JKB Entertainment Group/Limelight Magazine and the Narrows Center for the Arts will determine what national touring act the winner opens for. Support act slots always need final approval by the artist’s manager. We also need to make sure the winner’s genre of music fits the national act they will be appearing with.

Click HERE for the entry form.

Opening Act Contest 2016

The Yardbirds to land in Fall River

Photo - The Yardbirds hi-res

Legendary rock band The Yardbirds, who were inducted into the Rock & Roll Hall of Fame in 1992, will be making their debut performance at the Narrows Center for the Arts in Fall River, MA, on Saturday, October 15th. Purchase tickets HERE.

The Yardbirds are more than a rock band…they are an institution…which, in the brief period from 1963 to 1968, made an indelible mark on the shapes of things to come. To the casual music fan, The Yardbirds are best known as the band that honed the skills of future “Guitar Gods” Eric Clapton, Jeff Beck, and Jimmy Page; and for their slew of chart hits, including “For Your Love,” “Heart Full of Soul,” “I’m a Man,” and “Over Under Sideways Down.”

Led by core members and songwriters Jim McCarty (drums), The Yardbirds debuted a new touring line-up in 2015, consisting of guitarist Johnny A, bassist Kenny Aaronson, singer/harpist/percussionist Myke Scavone, and guitarist/singer John Idan to rave reviews. As Goldmine Magazine stated, “The band’s hallmark of top-notch musicianship remains. There are no passengers in this band.”

The Yardbirds – electrifying, eclectic, and way ahead of their time – melded heavy rock, wild jams, and an improvisatory feel, and continue to influence generations of bands. Watching The Yarbirds in action is experiencing rock and roll history.

The Narrows Center is located at 16 Anawan Street. Tickets to his show can be purchased online at or by calling the box office at 508-324-1926. For those wanting to purchase tickets in person, box office hours are Wednesday through Saturday, 12 noon to 5 p.m.

Jimmy Bez: Keeping the blues alive

Photo by Kristen Pierson
Photo by Kristen Pierson


At the young age of 17, Jimmy Bez is an up-and-coming blues rock guitarist. He was already a prominent guitar player on the original rock scene in Boston with the 21st Century Fugitives. A songwriter and blues fan, he formed the Jimmy Bez Blues Band in 2015 and won the under 21 category at the Boston Blues Society’s Blues Challenge that same year. He also represented Boston in the International Blues Challenge in Memphis, TN, to rave reviews. His style is often compared to a young Joe Bonamassa with strains of early Eric Clapton and the late Mike Bloomfield. He recently released his debut EP Lies of a Sinner and will be opening for Tinsley Ellis at Thunder Road Music Club and Rock n’ Roll Bistro in Somerville, MA, on July 15th. We recently caught up with Bez who is planning to make music his career after high school.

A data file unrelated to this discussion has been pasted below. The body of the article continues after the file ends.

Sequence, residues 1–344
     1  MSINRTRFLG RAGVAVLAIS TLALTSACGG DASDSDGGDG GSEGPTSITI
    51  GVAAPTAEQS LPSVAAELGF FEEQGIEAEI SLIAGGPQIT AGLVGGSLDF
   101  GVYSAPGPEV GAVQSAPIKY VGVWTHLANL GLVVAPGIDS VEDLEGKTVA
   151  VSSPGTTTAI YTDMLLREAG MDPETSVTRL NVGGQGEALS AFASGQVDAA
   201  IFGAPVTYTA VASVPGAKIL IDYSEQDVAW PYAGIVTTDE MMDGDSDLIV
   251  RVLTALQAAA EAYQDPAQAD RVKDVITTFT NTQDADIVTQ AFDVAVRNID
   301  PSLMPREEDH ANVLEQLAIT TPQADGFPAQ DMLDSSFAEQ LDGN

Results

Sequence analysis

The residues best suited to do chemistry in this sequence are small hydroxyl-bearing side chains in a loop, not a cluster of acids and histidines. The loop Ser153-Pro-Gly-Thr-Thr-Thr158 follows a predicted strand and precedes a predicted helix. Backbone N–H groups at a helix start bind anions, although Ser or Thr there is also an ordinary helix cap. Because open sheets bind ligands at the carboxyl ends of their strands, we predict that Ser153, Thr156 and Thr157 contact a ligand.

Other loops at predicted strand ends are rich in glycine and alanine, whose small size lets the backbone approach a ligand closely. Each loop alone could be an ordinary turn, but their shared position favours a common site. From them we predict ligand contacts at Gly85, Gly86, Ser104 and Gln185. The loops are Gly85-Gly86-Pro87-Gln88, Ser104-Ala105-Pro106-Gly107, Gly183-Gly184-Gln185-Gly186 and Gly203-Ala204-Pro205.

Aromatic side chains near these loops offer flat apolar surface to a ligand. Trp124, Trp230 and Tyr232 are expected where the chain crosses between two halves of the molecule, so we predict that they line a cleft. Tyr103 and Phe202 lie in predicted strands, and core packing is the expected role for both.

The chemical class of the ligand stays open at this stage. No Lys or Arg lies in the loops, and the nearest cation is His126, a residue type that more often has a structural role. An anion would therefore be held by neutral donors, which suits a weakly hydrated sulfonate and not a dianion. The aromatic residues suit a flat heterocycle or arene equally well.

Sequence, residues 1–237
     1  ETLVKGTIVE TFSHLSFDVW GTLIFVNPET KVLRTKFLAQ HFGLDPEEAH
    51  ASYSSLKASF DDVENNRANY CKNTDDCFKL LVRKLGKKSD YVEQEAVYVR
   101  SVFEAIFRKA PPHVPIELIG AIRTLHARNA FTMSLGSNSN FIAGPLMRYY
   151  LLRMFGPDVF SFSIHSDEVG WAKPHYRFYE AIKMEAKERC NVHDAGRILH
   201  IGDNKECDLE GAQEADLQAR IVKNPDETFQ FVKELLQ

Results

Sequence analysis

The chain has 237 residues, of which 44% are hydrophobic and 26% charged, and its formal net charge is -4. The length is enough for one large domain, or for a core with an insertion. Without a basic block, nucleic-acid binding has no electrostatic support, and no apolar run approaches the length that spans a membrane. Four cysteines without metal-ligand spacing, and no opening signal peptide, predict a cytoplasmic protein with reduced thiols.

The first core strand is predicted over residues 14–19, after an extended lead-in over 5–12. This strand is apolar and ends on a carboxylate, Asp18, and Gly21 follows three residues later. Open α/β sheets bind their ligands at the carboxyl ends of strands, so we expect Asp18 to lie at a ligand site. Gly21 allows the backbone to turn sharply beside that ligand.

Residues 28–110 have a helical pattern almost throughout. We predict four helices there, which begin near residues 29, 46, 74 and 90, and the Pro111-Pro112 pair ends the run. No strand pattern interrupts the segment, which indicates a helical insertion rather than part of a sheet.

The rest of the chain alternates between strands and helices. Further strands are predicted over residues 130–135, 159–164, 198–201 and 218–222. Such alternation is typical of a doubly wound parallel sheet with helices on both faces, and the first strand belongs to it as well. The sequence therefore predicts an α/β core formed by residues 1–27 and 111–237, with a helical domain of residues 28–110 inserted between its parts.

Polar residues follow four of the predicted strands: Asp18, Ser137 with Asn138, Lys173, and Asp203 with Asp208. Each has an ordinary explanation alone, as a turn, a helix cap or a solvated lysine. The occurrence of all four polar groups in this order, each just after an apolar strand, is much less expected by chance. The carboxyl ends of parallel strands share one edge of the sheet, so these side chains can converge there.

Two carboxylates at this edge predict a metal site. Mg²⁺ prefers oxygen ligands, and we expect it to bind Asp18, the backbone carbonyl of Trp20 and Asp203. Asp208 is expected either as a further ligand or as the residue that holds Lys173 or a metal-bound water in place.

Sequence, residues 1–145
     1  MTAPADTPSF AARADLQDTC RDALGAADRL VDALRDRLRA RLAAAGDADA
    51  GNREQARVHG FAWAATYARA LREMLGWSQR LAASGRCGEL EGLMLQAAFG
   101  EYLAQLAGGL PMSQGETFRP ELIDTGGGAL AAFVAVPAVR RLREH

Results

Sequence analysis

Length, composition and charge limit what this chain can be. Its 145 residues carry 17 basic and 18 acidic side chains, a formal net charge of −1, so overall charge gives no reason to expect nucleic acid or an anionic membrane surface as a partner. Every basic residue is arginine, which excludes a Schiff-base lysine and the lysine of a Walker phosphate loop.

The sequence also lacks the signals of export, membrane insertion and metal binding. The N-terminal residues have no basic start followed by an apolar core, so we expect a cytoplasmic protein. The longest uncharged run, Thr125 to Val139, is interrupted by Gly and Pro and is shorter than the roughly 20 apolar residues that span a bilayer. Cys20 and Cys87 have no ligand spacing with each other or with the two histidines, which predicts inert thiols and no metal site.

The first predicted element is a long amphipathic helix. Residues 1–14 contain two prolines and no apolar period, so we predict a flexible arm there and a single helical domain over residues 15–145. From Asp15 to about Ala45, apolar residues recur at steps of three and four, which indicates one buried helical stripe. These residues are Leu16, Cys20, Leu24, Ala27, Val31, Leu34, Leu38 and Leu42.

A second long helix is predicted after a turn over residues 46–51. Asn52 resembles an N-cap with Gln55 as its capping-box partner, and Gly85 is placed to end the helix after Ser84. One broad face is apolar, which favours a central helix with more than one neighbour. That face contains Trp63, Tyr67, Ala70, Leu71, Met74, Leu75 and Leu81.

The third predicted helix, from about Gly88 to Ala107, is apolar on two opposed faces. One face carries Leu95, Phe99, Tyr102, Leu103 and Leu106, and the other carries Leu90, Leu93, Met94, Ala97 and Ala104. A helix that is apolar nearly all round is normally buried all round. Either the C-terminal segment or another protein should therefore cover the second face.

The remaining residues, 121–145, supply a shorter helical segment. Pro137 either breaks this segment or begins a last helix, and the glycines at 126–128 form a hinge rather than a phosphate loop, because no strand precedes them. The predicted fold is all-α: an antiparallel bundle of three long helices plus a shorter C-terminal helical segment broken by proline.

Limelight Magazine (LM): You released your debut EP Lies of a Sinner on May 16, 2016. When did you start recording the album? Are you pleased with the final product?

Jimmy Bez: The 17th and 18th of April were the two main recording days.  We were all very pleased with the outcome.

LM: Four of the songs on the EP are originals written by you. Can you walk us through your personal song writing process?

Jimmy Bez: It always starts with the music for me…the lyrics come later.

LM: The last song on the EP is a cover of “Have You Ever Loved A Woman” by Billy Myles. Why did you select that song to cover?

Jimmy Bez: “Have You Ever Loved A Woman” is an old blues classic written by Billy Myles and first recorded by Freddie King. Besides the fact that it’s a great tune, I’ve always loved the Derek and the Dominos version.

LM: Did you consider covering any other songs for the EP and, if so, what were they?

Jimmy Bez: Recently we’ve been playing “If I Had Possession Over Judgment Day” by Robert Johnson, “Killing Floor” by Howlin’ Wolf, and a few B.B. King tunes but I knew right away I wanted “Have You Ever Loved a Woman” on the EP.

LM: The name of the EP is an interesting choice. Why did you select that title?

Jimmy Bez: The title track “Lies of a Sinner” is one of our favorites to play and people seem to dig it.

LM: You’re opening for Tinsley Ellis at Thunder Road Music Club & Rock n’ Roll Bistro in Somerville, MA, on Friday, July 15th. Are you looking forward to this show? Will you be playing most of the songs off your new CD at this show?